There are a great many cases where it has been held that some collateral privileges pass, by the conveyance, with the main subject of the grant. Such has been held to be the effect of a conveyance in terms of a "manor," "messuage" or "farm," known "by a certain name, and including sundry distinct tenements, buildings or fields, which have been used with the principal thing, and reputed parcel of it." All these would pass under the general name of the " manor," " messuage," c. "They pass, not as appurtenances, but as parcel of the granted or devised premises, upon the intention of the parties as collected from the instrument and explained by reference to the facts." ( Whitney v. Olney, 3 Mason, 280.) So the conveyance in terms of a "mill" or "mill-race" or "privileges" would undoubtedly pass the right to flow sufficient to raise the necessary head of water to carry the mill. (4 Paige, 77; 4 Kent's Com., 517.)
Such were most if not all the cases cited upon the argument by the defendants' counsel. In the case of Le Ray v. Platt (4 Paige, 77), the conveyance was of a "mill lot" with the "mill stream." In the case of New Ipswich Factory v. Batchelder (3 N.H., 190), the premises were conveyed with one-half of "all water privileges" and "all other privileges annexed to or belonging to the premises." In these cases it was held that everything attached to the mills and necessary to manage them passed by the conveyance. ( Kent v. Waite, 10 Pick., 138; Nicholson v. Chamberlain, Cro Jas., 121; Kieffer v. Imhoff, 26 Penn., 438; Forbush v. Lombard, 13 Metc., 109; Farrar v. Stackpole, 6 Greenl., 154.) In Thayer v. Payne (2 Cush., 327), two lots were owned by the same person. At the time of conveying one, there was a drain from the house across the other. The description is not given in the report of the case, but I infer from the opinion of FLETCHER, J., that it purported to convey the house and lot, with the privileges and appurtenances thereto belonging, c. It was held, that if the use of the drain was necessary to the beneficial use of the premises granted, it passed by the conveyance. If the house and lot were conveyed in terms, no one, I think, will dispute the correctness of the decision. It would come clearly within the principle laid down.
In the case of Oakley v. Stanley (5 Wend., 523), I understand that the conveyance under which the right was claimed was of the premises, including the " dam" in terms — that the dam was actually mentioned in the deed. If that was so, it would clearly come within the other cases I have cited. Besides, it was proved in that case that the consideration of the conveyance was some $1,250, and that the principal value of the premises conveyed consisted in the mill privilege.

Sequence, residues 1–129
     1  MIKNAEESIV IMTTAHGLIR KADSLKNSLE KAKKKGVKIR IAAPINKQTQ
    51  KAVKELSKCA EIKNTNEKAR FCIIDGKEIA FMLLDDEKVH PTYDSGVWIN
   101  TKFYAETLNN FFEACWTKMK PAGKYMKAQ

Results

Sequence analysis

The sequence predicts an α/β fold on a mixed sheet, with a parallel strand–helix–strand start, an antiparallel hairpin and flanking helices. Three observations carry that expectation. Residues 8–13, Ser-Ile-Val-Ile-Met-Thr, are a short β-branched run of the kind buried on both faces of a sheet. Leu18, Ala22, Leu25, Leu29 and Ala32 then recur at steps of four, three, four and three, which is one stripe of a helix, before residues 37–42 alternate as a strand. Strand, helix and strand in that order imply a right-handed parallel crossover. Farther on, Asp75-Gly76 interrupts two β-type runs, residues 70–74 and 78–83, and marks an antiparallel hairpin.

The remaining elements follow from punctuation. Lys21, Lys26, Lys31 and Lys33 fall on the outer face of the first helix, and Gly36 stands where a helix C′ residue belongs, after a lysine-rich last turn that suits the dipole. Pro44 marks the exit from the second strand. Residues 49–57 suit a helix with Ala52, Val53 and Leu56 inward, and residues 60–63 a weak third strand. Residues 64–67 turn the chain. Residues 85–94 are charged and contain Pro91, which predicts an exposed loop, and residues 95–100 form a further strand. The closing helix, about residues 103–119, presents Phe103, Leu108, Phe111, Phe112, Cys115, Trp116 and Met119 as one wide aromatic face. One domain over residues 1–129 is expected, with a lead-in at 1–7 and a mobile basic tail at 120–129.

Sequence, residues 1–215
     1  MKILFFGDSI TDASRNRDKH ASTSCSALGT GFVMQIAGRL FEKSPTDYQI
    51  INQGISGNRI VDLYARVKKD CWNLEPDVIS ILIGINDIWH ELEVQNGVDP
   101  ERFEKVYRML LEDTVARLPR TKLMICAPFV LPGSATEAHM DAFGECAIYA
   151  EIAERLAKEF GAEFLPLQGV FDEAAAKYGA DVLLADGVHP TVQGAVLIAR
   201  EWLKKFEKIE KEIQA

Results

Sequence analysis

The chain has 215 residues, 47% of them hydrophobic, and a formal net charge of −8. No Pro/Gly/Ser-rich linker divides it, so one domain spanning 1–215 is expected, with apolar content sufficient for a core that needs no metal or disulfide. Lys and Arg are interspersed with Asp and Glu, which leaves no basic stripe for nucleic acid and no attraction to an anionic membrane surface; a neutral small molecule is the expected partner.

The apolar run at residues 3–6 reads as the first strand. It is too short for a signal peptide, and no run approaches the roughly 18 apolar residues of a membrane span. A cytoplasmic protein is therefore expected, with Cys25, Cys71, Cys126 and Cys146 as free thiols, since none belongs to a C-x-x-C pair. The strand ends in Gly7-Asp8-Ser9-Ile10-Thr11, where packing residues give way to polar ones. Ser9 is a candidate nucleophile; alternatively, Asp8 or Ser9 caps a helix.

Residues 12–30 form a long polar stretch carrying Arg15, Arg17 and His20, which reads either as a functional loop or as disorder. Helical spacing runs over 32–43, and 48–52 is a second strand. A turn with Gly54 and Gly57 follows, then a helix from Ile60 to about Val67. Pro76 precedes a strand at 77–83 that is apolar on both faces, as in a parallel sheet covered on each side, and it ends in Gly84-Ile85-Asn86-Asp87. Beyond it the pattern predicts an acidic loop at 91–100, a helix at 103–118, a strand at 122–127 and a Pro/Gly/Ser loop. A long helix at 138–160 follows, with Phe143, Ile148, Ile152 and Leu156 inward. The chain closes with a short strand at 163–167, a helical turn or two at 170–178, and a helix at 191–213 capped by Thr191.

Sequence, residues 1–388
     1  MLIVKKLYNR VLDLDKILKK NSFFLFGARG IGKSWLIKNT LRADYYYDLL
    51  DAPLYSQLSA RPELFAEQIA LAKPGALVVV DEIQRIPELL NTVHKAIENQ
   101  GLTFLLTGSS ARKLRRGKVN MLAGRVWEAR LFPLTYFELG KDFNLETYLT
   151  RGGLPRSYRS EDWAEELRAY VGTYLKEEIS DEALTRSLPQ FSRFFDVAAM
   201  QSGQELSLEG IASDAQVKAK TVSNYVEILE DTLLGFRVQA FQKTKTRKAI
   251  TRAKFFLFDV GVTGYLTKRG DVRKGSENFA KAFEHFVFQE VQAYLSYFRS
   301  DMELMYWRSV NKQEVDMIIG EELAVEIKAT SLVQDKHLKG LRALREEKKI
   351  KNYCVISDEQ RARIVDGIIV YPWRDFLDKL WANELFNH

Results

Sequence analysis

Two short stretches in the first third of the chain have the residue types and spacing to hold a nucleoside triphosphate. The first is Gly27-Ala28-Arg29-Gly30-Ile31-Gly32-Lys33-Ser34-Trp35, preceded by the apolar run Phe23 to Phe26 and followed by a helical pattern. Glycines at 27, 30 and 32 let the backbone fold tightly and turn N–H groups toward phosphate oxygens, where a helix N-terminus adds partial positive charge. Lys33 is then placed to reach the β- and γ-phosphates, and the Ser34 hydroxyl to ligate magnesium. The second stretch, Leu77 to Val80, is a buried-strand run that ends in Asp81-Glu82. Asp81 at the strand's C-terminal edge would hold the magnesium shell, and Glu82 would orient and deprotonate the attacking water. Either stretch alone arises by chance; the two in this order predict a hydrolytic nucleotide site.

As I have before suggested, it is not necessary to contend that a deed purporting to convey by metes and bounds may not be legally construed, in the light of the surrounding circumstances, to include also privileges annexed to or connected with the main subject of the grant.
In the case at bar, there was no proof of the kind. It was not even proved that the grantors knew of the existence of the dam at the time of the conveyance. It is not proved by what authority the mill was built; whether the builder was a mere trespasser, whether he held a contract for the land, or whether he had a license from the owners to build. It does not appear how the mill privilege would affect the value of the lot; whether it would constitute a very small or a very large proportion of the value of the whole premises. The deed, on its face, purports to convey simply the land within its boundaries. If it be claimed that other privileges were intended by the parties to be conveyed, surely the burden of proof is upon the defendants, to show the surrounding circumstances which would authorize the court to give to it an effect beyond its strict literal interpretation, so as to carry with the main subject of conveyance the right to flow other lands. No such proof having been given, we must, I think, assume that it was the design of the parties that the grantee should only take the premises included within the boundaries contained within the deed, and the judgment must be affirmed with costs.
JOHNSON, Ch. J., ROOSEVELT, HARRIS and DENIO, JS., concurred, the latter putting some stress upon the special circumstances that, at the time the Holland Land Company conveyed to Van Horn, there was probably no dam upon the premises, it having been swept away a few days before, and if otherwise, the presumption that the grantor knows the condition of his land should not be applied to a case, like this, of the owner of a great tract of wild land, subject to the occupation and improvement of mere squatters. STRONG and SELDEN, Js., dissented; COMSTOCK, J., did not sit in the case.